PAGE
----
The architectural style we all know as Mid-Century Modern has its roots in pre-war Berlin and if you want to follow the logic backwards to the absolute beginning you’ll find Walter Gropius at the headwaters of this design idea as far back as 1919. By the 1930s the cutting edge in architecture and design was Bauhaus modern, with architectural deities Le Corbusier, Marcel Breuer and Mies van der Rohe (among others) setting the standard for housing, furniture and factory design.
By the early 1960s the language of Mid-Century Modern was part of everyday architectural and product design with adherents, followers and flagrant plagiarists worldwide. About this time the Safeway supermarket corporation had begun using classic form follows function principles – low pitched roof, glass curtain walls – in their supermarket designs and some of the best examples of Mid-Century Modern are still functioning here, every day in California.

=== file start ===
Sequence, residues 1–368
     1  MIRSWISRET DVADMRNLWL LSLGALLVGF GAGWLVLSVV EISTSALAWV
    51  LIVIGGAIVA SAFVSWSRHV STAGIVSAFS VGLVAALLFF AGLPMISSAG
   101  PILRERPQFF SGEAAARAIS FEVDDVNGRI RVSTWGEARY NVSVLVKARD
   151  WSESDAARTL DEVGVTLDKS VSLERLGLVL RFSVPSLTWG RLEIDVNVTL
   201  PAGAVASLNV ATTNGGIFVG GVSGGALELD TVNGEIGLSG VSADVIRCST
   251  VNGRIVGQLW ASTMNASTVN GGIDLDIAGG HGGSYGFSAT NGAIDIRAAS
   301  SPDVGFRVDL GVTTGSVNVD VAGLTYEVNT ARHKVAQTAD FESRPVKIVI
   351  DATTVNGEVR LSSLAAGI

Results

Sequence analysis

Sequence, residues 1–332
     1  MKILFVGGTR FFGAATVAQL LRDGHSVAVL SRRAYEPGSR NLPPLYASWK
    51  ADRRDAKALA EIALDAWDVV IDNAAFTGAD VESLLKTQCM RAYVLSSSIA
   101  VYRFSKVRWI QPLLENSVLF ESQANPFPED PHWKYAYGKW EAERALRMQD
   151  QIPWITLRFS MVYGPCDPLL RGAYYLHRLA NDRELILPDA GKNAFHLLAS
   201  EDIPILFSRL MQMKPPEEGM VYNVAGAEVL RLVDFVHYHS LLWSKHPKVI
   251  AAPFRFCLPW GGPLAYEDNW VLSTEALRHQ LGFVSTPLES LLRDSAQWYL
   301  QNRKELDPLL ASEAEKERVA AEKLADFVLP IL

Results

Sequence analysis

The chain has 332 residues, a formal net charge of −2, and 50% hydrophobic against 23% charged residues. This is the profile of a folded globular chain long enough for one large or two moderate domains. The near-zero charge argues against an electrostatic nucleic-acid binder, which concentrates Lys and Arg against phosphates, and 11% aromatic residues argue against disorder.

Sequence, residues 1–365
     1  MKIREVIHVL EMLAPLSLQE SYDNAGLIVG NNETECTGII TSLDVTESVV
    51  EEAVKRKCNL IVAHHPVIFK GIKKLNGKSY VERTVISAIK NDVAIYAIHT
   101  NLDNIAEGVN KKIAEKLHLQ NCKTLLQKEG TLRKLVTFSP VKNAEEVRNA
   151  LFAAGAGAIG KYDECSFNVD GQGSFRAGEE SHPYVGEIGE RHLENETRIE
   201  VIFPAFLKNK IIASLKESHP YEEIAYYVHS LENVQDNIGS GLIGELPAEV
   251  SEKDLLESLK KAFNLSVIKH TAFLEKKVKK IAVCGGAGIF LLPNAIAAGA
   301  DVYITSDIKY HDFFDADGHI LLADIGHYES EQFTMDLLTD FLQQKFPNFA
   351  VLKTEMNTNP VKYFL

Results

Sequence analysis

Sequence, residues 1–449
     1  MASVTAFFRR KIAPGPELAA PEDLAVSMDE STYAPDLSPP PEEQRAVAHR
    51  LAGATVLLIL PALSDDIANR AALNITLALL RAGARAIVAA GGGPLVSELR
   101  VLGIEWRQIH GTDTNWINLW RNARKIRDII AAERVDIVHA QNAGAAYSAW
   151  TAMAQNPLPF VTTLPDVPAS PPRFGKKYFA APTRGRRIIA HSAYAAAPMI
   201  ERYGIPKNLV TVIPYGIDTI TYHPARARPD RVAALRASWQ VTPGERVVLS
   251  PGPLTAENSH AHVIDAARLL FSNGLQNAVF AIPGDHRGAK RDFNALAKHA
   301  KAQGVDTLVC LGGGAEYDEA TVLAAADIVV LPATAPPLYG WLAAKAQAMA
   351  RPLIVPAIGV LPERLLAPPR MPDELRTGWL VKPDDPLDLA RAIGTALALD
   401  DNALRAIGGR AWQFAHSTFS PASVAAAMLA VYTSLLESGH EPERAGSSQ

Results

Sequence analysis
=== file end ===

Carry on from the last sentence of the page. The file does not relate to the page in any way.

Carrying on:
The new San Diego Gas & Electric Energy Innovation Center resides in the shell of a classic Mid-Century Modern supermarket built in 1963. The original lines are clean and low-slung. The re-model, completed in January of 2012 by architects Hanna Gabriel Wells, compliments those lines with a classic zig-zag motif popular throughout the modern movement. You can see Zig-Zag Modern in Emil Praeger’s dapper outfield sun-shades at Dodger Stadium (1961), Martin Stern’s fabulous Ship’s Coffee Shops in Los Angeles (1957-61) and in Eldon Davis’ Hope International University in Fullerton (1962) – in other words, all over Southern California.